- Fishing depth is another tip for ice fishing. Before going it is recommended to research the water where you are going to fish and find out what species inhabit it and the kinds of bait they respond to. Different species feed at different depths. With that knowledge you can vary what type of fish you are trying to catch.
- You may not need to use these ice fishing tips and techniques, you may just drop in your line and the fish start to bite, but they are good to know anyway. Like any new and different way of fishing, it is a question of trying and testing, it sees what works best.
You can go ice fishing either high or low tech, depending on your preference. Going low-tech, you can just bundle yourself up like a Michelin man, take a crate to sit on and an axe to smash through the ice. On the other hand, you could take the right gear to make your ice fishing trip easier and more comfortable. Whatever you do, remember to conform to the fishing regulations.
- Clothing: As it is cold weather fishing and you will stationary for long periods of time, it’s important to stay warm. Padded bib overalls that cover your legs and chest, leaving your arms free for ease of movement are a must. They can be easily worn over your other clothes.
- Gloves: A good pair of non-slip gloves are also recommended.
- Sunglasses: Although the weather may be dull because its winter, what sun there is will reflect off the ice and a pair of sunglasses will cut down on the glare.
- Boots: A decent pair of lined boots to keep your feet warm.
- Ice Cleats: Attach ice cleats to your boots for grip and to avoid slipping on the ice. Ice is hard and you don’t want to injure yourself by falling over.
- Shelter: A shelter to guard you against the wind or rain. Wind-chill can get into the marrow of your bones and the cold could make your day miserable. Shelters come in different designs and sizes. It’s up to you to choose which best suits you or your budget.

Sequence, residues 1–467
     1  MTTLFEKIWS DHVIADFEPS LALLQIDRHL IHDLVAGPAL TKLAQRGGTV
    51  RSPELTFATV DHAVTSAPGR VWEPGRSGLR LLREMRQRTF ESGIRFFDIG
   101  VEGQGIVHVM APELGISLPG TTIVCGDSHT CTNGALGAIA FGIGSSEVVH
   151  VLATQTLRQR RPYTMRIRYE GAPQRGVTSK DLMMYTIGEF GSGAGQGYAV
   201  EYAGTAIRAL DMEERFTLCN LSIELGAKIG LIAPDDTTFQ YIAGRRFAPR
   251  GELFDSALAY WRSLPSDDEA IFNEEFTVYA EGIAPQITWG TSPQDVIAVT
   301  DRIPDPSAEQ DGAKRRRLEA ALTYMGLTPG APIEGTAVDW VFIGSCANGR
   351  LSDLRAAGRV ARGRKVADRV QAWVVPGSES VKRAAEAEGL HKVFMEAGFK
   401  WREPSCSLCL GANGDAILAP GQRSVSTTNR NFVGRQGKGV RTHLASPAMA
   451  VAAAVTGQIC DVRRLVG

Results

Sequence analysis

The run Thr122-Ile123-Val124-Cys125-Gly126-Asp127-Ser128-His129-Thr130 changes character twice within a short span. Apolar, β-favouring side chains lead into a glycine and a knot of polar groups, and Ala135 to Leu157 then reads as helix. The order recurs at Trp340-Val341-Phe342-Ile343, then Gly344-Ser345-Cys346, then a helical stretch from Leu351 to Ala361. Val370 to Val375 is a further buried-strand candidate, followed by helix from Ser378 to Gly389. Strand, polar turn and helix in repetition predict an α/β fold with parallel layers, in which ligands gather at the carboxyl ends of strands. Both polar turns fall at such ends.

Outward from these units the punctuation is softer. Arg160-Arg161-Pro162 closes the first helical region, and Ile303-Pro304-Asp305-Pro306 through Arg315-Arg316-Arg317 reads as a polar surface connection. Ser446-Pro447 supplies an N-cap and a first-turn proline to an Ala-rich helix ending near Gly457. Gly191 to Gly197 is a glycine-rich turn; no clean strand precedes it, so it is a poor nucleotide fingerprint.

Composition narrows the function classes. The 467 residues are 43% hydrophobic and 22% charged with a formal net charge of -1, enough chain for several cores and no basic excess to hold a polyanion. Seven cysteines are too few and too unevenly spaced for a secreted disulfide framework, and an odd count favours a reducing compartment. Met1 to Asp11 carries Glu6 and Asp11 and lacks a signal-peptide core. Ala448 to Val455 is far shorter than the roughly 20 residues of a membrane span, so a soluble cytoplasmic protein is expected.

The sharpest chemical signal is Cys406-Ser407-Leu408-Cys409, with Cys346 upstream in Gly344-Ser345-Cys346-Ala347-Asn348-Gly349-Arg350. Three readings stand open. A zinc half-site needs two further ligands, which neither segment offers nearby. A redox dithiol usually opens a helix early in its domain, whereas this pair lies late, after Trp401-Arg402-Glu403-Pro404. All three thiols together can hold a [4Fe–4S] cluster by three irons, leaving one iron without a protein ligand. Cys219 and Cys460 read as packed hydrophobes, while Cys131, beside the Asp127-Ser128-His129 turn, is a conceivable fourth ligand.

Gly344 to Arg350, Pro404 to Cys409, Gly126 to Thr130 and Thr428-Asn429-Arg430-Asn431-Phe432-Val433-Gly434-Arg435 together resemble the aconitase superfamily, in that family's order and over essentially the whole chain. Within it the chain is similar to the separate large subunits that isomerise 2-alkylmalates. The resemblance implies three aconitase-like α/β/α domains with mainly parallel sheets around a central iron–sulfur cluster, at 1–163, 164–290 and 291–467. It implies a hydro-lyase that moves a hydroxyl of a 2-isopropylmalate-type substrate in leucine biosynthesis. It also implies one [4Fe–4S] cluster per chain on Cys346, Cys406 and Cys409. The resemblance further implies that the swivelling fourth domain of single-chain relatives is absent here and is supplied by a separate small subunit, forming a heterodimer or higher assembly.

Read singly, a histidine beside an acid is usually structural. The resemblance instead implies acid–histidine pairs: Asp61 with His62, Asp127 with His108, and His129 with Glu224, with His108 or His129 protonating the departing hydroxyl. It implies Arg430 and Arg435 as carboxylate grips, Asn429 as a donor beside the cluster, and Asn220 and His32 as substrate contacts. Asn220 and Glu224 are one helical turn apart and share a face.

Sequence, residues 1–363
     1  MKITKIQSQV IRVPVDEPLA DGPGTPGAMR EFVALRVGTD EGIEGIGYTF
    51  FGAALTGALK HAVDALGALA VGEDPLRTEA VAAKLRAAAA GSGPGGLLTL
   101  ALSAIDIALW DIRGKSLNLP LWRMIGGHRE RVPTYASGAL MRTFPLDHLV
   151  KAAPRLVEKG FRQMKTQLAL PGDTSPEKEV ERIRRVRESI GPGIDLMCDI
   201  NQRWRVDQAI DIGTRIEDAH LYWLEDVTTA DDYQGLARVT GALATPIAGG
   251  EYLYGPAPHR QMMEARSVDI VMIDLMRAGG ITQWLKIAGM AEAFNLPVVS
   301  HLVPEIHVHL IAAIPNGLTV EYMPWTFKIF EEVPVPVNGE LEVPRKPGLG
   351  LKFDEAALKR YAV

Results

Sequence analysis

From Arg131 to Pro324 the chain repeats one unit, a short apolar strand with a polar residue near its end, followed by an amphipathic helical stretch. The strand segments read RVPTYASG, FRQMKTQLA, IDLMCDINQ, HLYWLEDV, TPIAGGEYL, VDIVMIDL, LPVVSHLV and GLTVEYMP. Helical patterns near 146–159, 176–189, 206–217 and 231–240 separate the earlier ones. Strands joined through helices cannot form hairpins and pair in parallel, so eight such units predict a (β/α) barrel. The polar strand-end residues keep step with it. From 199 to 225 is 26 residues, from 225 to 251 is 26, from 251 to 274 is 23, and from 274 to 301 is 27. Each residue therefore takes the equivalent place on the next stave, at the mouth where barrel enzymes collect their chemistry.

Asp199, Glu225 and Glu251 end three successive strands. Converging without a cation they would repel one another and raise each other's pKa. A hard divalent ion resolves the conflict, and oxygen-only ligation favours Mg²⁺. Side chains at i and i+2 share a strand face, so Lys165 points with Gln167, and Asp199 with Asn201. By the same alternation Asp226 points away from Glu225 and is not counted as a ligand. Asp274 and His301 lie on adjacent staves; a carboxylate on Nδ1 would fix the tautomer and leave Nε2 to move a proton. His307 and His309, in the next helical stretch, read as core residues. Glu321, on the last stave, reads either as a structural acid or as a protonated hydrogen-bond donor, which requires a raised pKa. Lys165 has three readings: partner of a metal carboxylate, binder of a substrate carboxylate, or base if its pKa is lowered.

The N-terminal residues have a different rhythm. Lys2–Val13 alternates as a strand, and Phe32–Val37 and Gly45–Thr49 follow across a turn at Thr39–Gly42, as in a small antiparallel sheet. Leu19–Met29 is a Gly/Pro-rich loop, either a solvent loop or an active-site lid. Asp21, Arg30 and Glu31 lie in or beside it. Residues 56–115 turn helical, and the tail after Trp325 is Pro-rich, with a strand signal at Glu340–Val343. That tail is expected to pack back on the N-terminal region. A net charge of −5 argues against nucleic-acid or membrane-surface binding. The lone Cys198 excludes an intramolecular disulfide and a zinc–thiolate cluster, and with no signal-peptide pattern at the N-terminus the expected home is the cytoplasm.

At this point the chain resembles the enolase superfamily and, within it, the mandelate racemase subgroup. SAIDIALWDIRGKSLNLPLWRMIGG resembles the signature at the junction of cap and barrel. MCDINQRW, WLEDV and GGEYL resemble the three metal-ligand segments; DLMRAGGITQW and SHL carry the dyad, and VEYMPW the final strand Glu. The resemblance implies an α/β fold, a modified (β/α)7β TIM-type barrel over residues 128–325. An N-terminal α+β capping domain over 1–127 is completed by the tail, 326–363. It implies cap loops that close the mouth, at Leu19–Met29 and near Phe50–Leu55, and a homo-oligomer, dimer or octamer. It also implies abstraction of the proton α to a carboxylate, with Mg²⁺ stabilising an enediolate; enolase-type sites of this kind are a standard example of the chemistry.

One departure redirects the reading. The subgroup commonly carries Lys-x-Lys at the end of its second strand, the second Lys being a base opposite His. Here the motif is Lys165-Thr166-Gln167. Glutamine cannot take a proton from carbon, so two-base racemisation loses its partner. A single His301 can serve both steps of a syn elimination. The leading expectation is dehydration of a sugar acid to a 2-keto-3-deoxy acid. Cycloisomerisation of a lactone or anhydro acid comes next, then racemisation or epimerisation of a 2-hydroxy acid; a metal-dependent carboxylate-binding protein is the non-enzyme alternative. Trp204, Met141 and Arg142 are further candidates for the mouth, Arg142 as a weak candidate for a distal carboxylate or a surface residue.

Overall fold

- Ice Scoop: Use this to clear excess ice from your borehole or alternatively, when you need to cut down on the amount of sunlight penetrating your fishing whole.
- Bait Bucket: Don’t forget your bait bucket or bait!
- Augers: An auger is essential to bore a neat and stable hole in the ice. They come in different sizes, that is bore diameters, anything from 6 inches to 10. The low tech, manual augers are lightweight and easy to carry. A manual auger will at least warm you up and can be used inside a shelter. There drill-driven kinds that are fitted directly to a normal, cordless hand drill. The drill has to be powerful and fully charged. Unfortunately, very low temperatures can affect the efficiency of the batteries. Going high tech, other augers are powered by petrol (gasoline), built-in electric motors or propane gas. All are weighty and can emit fumes, so it isn’t advisable to use them inside shelters. These models are also noisy. Choose carefully before picking which to buy.
- Heaters: If you have a shelter a portable heater would be a good idea too, especially if you are going to spent all day out on the ice. They come in various kinds and because they are a heavy duty, add a lot more weight to your gear.
- Sled: A sled would be advisable to transport all your equipment, if you are taking the more comfortable and high-tech option. With a sled you can add a lot more items to take along all in one journey from the shore.
- Underwater Camera: This is going really high-tech!
Ice fishing is a great way to extend your favourite hobby into an all year round activity. To do it properly it only takes a bit of preparation and the right equipment, especially the right type of fishing reel. It will cost a bit money to get the gear, so choose carefully and set off with the knowledge that have everything you need. The best advice is recommendations from other ice anglers. Happy ice fishing!